The Importance of Disappointment

If there’s one thing I’ve learned from life so far, it’s that everything has its place and time.

I’m pretty sure this is the first time I’ve discussed my previous publishing journey on this blog, but I’ve been pondering things and figure now’s as good as time as any to put what I learned from it out there.

When I ponder, I make a face like this.

Once upon a time, I was an agented writer.

Way back in 2007, two years post-college graduation, I had just finished revamping the book I was working on. It was an early incarnation of Peculiar Dark, then called Keeping Back the Dark and before that titled Sphinx Awakened (don’t ask). After collecting a fair number of rejection letters (all snail mail in those days – woah!) with Sphinx Awakened, I had overhauled it and rewritten quite a few sections. I had finally taken to the intrawebz to make sure I knew what I was doing with this whole querying process (news flash: I didn’t) and leveraged Query Shark to finally get a halfway-decent query letter.

I wasn’t quite geared up to full-scale query yet, but a friend alerted me to an agent who was setting up her own, brand-new agency and looking for my genre. For funsies, I sent a letter her way. It was read by her assistant at that time, who loved it and passed it on, and less than two months later, I got The Call.

I was BEYOND excited. I knew – I just knew – that I’d have a publishing contract within the year. I started practicing my autograph.

It never came.

I went on sub late that spring, and by the fall, I knew what neither my agent nor I wanted to say out loud.

Keeping Back the Dark wasn’t selling. And it wasn’t going to.

With 13-year-old characters but cussing and dark shit happening, it didn’t fit in either MG or YA. In my attempt to be honest about a moody, teenage protagonist, I had written a decidedly unlikeable main character. It just…wasn’t marketable. Looking back on it now, I’m not surprised it didn’t sell, but at the time, I was crushed. I let it overwhelm me. I couldn’t get anywhere on the sequel or any other project, so my writing just kind of shuddered to a stop.

Then, in December, the recession took its toll and my agent had to close down her agency.

I didn’t recover for awhile. I dabbled in other projects, but I embraced every distraction I could to avoid a blank page. I made up stories, but I left them in my head. I didn’t write. There’s no other way of putting it – I just didn’t. I felt like a failure.

Last year, I got back on track. I overhauled Dark into a book I can believe in again, and I’ve started on a brand-new project. I’m in a pretty good place now. But for awhile there, I really wasn’t. I was bitter. I was broken.

It’s only months after getting my shit together that I’m able to see what I learned from that period and how important that disappointment was for me.

  • I grew as a writer. We grow creatively with every experience, and even though I wasn’t actively writing, the constant input that life itself generates still affected my output. My voice matured. I gained confidence in what I had to offer (more or less, anyway – there is still quite of a bit of neuroses in my brain). I leveled up. And then I leveled up my manuscript.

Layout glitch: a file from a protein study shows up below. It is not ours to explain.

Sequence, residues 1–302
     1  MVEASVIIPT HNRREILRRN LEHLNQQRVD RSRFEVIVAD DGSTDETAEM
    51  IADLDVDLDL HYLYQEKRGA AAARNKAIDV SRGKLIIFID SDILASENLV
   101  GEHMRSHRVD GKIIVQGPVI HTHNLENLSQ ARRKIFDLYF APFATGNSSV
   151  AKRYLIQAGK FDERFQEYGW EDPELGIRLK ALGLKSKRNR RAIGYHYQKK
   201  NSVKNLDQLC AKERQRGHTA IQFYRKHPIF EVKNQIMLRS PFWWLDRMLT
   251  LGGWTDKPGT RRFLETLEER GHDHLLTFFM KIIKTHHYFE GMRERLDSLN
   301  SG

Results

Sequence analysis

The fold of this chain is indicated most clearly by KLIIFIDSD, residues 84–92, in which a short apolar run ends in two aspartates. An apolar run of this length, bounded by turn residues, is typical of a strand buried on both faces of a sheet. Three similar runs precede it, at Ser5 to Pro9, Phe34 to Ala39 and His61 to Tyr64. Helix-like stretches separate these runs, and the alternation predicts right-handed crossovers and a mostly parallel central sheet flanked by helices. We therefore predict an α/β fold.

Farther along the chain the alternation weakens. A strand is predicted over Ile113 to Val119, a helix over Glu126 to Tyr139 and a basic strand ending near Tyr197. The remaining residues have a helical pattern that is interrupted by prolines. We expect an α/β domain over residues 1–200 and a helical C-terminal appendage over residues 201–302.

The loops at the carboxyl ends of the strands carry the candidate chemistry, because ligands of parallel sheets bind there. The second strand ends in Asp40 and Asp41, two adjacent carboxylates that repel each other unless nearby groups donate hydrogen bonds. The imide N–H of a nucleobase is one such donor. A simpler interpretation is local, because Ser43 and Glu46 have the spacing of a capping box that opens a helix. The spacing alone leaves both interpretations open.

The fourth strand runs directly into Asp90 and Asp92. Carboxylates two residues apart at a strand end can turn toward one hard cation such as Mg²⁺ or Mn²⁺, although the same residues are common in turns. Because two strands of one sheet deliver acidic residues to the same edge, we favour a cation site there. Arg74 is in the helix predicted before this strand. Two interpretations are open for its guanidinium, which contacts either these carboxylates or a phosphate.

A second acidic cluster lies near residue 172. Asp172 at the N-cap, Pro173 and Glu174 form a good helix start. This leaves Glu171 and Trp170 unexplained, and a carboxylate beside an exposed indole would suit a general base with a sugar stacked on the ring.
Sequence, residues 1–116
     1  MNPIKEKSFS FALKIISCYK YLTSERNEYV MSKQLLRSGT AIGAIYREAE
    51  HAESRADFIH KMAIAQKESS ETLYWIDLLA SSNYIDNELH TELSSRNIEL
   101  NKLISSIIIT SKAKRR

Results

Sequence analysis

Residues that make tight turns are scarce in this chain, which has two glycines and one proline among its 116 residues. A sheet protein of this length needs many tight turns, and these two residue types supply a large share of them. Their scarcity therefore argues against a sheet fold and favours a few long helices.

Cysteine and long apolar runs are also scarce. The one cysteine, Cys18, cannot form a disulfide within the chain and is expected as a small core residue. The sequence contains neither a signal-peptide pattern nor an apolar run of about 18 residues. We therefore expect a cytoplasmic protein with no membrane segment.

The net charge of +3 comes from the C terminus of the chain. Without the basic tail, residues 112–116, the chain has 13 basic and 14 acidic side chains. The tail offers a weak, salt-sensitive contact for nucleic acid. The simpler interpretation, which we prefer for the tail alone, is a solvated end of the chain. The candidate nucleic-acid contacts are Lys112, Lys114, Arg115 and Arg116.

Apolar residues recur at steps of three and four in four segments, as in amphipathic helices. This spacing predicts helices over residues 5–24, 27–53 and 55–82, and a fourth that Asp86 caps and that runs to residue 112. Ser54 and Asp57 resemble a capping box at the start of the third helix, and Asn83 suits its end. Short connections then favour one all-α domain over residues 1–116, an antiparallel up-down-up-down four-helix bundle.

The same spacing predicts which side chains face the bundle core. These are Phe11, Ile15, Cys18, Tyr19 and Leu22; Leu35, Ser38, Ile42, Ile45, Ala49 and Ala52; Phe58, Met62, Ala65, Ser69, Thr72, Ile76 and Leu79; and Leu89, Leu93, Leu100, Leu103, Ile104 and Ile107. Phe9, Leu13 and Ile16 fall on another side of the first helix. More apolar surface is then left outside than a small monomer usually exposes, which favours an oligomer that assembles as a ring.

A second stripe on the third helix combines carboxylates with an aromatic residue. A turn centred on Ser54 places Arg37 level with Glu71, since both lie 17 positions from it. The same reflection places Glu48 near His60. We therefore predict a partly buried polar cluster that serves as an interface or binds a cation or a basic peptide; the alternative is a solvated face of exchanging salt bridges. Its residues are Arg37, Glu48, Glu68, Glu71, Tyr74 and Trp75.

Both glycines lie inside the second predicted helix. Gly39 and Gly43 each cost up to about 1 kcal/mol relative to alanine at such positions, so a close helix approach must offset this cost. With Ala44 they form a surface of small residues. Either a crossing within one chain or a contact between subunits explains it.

• I learned what I want in a professional relationship. If I ever sit down again and have another chance at The Call, I know what to ask this time. I know what I want from an agent, from an editor. I know what I can contribute and what I need in return. And I’m fully prepared to say no thank you if I don’t think it’s going to work for me. Just because someone is offering doesn’t mean you have to take it. I’ve learned the value in walking away.
  • I’ve learned the value of both practicality and humility. Not that I’m inclined to be super-braggy, but landing an agent so quickly with a book that I realize now I hadn’t even begun to understand or attack correctly could have had a terrible effect on my ego if it had resulted in a publishing deal. I’ve seen authors who go big right out of the gate with books that really aren’t great, and you know what? I’ve subsequently watched them stagnate as writers. They don’t get better; they usually get worse. (I have a specific example of this in mind.) As for practicality, it’s awfully fun to dream big. We wouldn’t be writers if we didn’t, and sometimes those dreams come true. But what I didn’t understand in 2008 is that this is the exception, not the rule, and all the glamorous stuff of ARC giveaways and book launch parties are surrounded by months of flailing and screaming and crying and opening veins onto word processing programs and fingerpainting in the blood until it resembles your heart. I didn’t really get that then. I do now.
  • I’ve discovered the value of a community. In all fairness, a lot of social media stuff wasn’t as big in 2008 as it is now, but even if it were, I was of the opinion that I didn’t really need to go out, network, commune with other writers. I didn’t share my writing with anyone but an old college friend, and anything beyond that was just whatever, man. I barely knew about the writing community out there; I certainly didn’t realize the support and affection they could generate.

And all of that rambling above is just a long-ass way of saying what I said in the beginning: Everything has its place and time. It sucks in the moment because we’re walking around in the foggy dark with a lantern that only shows us the path three feet in front of us at any given time, but when we look back, the pattern is often much clearer and less random. I’ve experienced this with my day job. I’ve definitely experience this with my love life. I’m starting to see this with my publishing journey.

That disappointment was vital. It’s laid the groundwork for my future.

20 thoughts on “The Importance of Disappointment

  1. ❤ you. You know this. I'm also very proud of you and what I've seen you accomplish in the time I've known you – how you've grown as a writer.

    Also – with my current hormonal state – you just made me cry. Kudos there ❤

    Looking forward to many more years of community with you, because you rock.

  2. *hugs* It makes me sad to hear about other’s hardships, but it also makes me feel like I’m not alone. And I agree, Some advice I’ve given CP’s, when they’ve been querying but we do major edits: they aren’t sure whether or not to write the agents who have fulls and tell them they’re working on the MS to make it better. I always say, If the book the agents have right now was published AS IS, would you be happy with it? Or is this newer version we’re hacking away at The One? (I know they don’t publish as is, but it makes you decide what’s right for the MS).